This 3-part article identified voltage sags as the main culprit involved with industrial process shut down incidents – the 120-volt control circuit being most sensitive to voltage sags. Most voltage sags have sag magnitudes (voltage remaining) at or above 50% of nominal with durations at 0.5 seconds or less. Within the control circuit, several individual components common to most controls could be causing the controls, and thus the process, to shut down. These components are often the PLC, its I/O, dc power supplies, ac “ice cube” relays and contactors, and adjustable speed drives.

Allowing the control circuit and the process to ride through voltage sags involves mitigating one or more component’s sensitivities to voltage sags or propping up the voltage of the control circuit for the duration of the voltage sag.

While the latter may be accomplished using a battery-based uninterruptible power supply (UPS), these require regular maintenance checks and full battery replacement after about three to four years for lead-acid batteries. Newer technologies such as lithium-ion-based UPS units tout battery lifespans out to the seven to eight-year range.

In contrast, “battery-less” mitigation options exist that need little or no maintenance, operate better in elevated temperatures, and do not require battery replacement. These may operate for 10 to 15 years.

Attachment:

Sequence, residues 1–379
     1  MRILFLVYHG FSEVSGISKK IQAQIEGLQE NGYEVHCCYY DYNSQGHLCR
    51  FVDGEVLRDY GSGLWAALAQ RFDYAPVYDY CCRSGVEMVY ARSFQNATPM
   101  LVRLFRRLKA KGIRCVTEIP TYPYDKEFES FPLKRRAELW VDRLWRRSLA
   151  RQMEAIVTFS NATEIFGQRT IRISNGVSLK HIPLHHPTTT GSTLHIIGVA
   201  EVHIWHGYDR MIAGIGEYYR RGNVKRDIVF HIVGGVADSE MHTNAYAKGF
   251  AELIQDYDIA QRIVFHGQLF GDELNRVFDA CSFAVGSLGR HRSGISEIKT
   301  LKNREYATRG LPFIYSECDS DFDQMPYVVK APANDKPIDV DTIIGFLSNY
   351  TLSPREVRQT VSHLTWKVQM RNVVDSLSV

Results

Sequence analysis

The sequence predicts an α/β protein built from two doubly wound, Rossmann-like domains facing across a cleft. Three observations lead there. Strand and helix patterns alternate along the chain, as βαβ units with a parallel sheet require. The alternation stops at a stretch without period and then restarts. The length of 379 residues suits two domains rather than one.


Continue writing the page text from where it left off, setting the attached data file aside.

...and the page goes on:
Control circuits may be designed to be more robust by requiring the incorporation of voltage sag standard-compliant components – SEMI F47 or IEEE Std 1668, or by requiring through the purchase order the entire process be compliant to those standards without requiring a battery-based UPS to maintain. The controls may be most robust by using only dc components supplied by a three-phase, universal-input dc power supply operated at the highest input voltages in its range, and at less-than full load.

By keeping the control voltage up, the RUN signal to an ASD may be maintained, yet the drive may shut down for dc bus undervoltage. Most modern drives have adjustable parameters that may allow the drive to ignore the voltage sag for a period of time until full input voltage returns if enabled. These parameters may not be enabled by the manufacturer.

Several methods of improving the voltage sag sensitivity of industrial controls from mitigation to complete design may be followed so the industrial process may be made more robust to the effects of voltage sags.

Mark Stephens is principal project manager; Alden Wright is technical leader,  Electric Power Research Institute (EPRI). Edited by Chris Vavra, associate editor,  Control Engineering, CFE Media,


Keywords: power supplies, voltage sags

Consider this 

What challenges do you think will happen in the future for power supplies?

ONLINE extra

EPRI explains on related topics:

– Video: Control circuits may be designed to be more robust by requiring the incorporation of voltage sag standard-compliant components – SEMI F47 or IEEE Std 1668.

– Power quality concepts article series.

Author Bio: Mark Stephens is principal project manager; Alden Wright is technical leader, Electric Power Research Institute (EPRI).